Not sure which piece to move first? Here are 5 components you’ll need in your strategic content plan to dominate your opponents.
1) The Right Content
For your content to stand out you need to create and distribute unique content that will attract your audience over time. Joe Pulizzi, founder of the Content Marketing Institute, calls this unique content the “sweet spot”, the intersection of knowledge and passion. Andrew Davis, author of Town Inc., calls it “the hook” – a simple pivot from a broader theme. You’ve got to have content that tells a different story in order to break through the noise and become relevant and noticed by your audience.
2) The Right Audience
If you’re creating content for everyone, you’re creating value for no one. Go beyond the demographics of a target audience and consider creating a target persona. Buyer personas are semi-fictional representation of your target market based on market research and real data that describe your ideal customer. When you know your audience, you can begin to cater your content to solve their problems, answer their questions, and be genuinely helpful.
3) The Right Format
Once you know who your audience is and understand the information they are looking for, you can choose the right format to deliver your content – text, audio, image, and video (soon to add AR and VR to the list, I’m sure). In addition to the format, consider the type of content, which marketers often refer to as: Created, Curated, Conversational, and Crowdsourced.
- Created: Original content that the company has created and has copyright to.
- Curated: Shared, referenced content that was created by another source.
- Conversational: Publicly available dialogue between the company and another party.
- Crowdsourced: Original content created by another party (typically a follower, partner company or client) specifically for the use of interacting with a company.
According to research done by Argyle Social, 40% of your content should be original. The study showed that although curated content led to more clicks, created content ultimately led to more conversions. A balanced approach will average 20% less clicks but 10X the conversions.
4) The Right Channel
You need to publish your content on the channels where your audience is looking for that information. There are two major questions to ask about channels and your “core” channel(s):
- What channel will offer the best opportunity to reach my audience? (REACH)
- What channel gives me the most control over presenting my content and building my audience? (CONTROL)
If you choose a low-control channel as the main driver of content distribution, at some point you will need to convert subscribers on that platform to your own subscriber list. Your channel plan should be a high-level look (recommended 3-month time frame) of themes, events, key ideas, and messages you want to communicate. This should include the channels you will use and how you will connect them to create a cohesive brand conversation.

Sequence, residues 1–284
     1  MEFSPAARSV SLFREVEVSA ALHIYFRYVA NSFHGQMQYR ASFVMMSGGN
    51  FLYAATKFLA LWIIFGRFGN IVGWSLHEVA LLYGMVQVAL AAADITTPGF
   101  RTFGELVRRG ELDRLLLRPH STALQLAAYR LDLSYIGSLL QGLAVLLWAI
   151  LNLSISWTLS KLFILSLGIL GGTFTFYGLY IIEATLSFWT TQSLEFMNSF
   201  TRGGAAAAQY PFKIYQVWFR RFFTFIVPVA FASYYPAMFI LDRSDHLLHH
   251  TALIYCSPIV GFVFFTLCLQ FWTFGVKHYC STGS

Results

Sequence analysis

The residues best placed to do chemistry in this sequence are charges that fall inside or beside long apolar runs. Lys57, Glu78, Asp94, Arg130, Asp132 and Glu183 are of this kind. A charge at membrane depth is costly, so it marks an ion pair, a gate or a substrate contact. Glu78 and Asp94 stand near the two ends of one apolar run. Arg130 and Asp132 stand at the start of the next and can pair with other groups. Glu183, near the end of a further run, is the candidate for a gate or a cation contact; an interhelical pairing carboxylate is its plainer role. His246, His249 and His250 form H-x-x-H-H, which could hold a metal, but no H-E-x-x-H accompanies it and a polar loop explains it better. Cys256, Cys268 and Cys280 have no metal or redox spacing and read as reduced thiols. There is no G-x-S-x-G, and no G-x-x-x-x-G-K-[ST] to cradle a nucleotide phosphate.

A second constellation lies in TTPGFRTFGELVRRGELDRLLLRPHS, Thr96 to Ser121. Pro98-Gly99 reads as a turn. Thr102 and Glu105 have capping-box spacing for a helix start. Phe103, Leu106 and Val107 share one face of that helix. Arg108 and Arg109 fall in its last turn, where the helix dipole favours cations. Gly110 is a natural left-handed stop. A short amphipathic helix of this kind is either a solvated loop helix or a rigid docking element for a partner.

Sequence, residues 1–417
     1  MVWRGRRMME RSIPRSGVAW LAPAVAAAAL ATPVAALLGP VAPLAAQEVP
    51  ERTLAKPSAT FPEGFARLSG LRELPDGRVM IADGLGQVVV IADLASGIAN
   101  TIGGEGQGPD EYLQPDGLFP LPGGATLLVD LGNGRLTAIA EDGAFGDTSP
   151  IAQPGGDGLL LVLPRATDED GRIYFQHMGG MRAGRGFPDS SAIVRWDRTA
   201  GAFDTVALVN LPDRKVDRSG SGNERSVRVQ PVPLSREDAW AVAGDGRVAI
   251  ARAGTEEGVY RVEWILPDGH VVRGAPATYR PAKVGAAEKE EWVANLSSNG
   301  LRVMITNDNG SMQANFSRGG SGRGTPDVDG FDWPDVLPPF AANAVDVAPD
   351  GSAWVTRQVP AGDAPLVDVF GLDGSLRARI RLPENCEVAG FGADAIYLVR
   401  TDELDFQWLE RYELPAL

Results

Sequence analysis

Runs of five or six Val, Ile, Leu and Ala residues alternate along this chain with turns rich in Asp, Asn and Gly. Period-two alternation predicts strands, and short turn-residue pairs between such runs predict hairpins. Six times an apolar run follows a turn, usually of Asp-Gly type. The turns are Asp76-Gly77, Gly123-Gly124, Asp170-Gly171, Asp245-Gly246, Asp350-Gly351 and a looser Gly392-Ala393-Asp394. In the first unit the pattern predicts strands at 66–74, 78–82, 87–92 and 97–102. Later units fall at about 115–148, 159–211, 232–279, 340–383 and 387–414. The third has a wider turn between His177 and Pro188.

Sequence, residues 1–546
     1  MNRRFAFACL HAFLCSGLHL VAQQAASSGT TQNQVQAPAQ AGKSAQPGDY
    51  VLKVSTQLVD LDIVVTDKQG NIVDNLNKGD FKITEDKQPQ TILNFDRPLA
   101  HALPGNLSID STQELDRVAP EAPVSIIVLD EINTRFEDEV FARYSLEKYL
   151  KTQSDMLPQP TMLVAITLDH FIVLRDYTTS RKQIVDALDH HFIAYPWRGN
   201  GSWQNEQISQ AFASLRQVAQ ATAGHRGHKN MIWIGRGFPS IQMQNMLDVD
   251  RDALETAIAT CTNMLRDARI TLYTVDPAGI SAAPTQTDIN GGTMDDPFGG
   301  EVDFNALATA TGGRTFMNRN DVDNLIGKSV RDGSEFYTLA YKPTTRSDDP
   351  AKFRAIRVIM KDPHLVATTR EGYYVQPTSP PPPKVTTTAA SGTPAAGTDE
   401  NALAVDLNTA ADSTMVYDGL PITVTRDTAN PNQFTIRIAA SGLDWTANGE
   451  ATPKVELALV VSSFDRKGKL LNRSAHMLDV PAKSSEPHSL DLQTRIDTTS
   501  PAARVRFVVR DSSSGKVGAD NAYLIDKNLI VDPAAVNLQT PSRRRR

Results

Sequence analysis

5) The Right Time
How will you schedule and manage creation, publication, and promotion of your content? Your detailed editorial calendar is your day-to-day content schedule.
- The date the piece of content will be published
- The topic or headline of the content piece
- The author of the content
- The owner of the content – i.e., who is in charge of making sure the content makes it from ideation to publication and promotion
- The current status of the content (updated as it moves through your publishing cycle)
- Budget for promoted content
- A goal or KPI (Key Performance Indicator) to measure success
There are a range of free and paid calendar tools, but for many it’s perfectly fine to start out with a simple Excel spreadsheet or a shareable Google sheet or calendar to track your content progress through your editorial process.
Editorial calendar tools:
- Divvy HQ
- Central Desktop
These five pillars will help lay the foundation for a strong strategic content marketing plan. Understanding each of these areas will allow you to create more effective content and publish more efficiently. To succeed at this game takes time, organization, and creativity. Learn from any wrong moves you may make along the way and use them to your advantage. Determine what works best for you and what is most valuable to your audience by measuring and adapting along the way. After all, building a kingdom is not about the king, it’s about the people – your audience, and their success.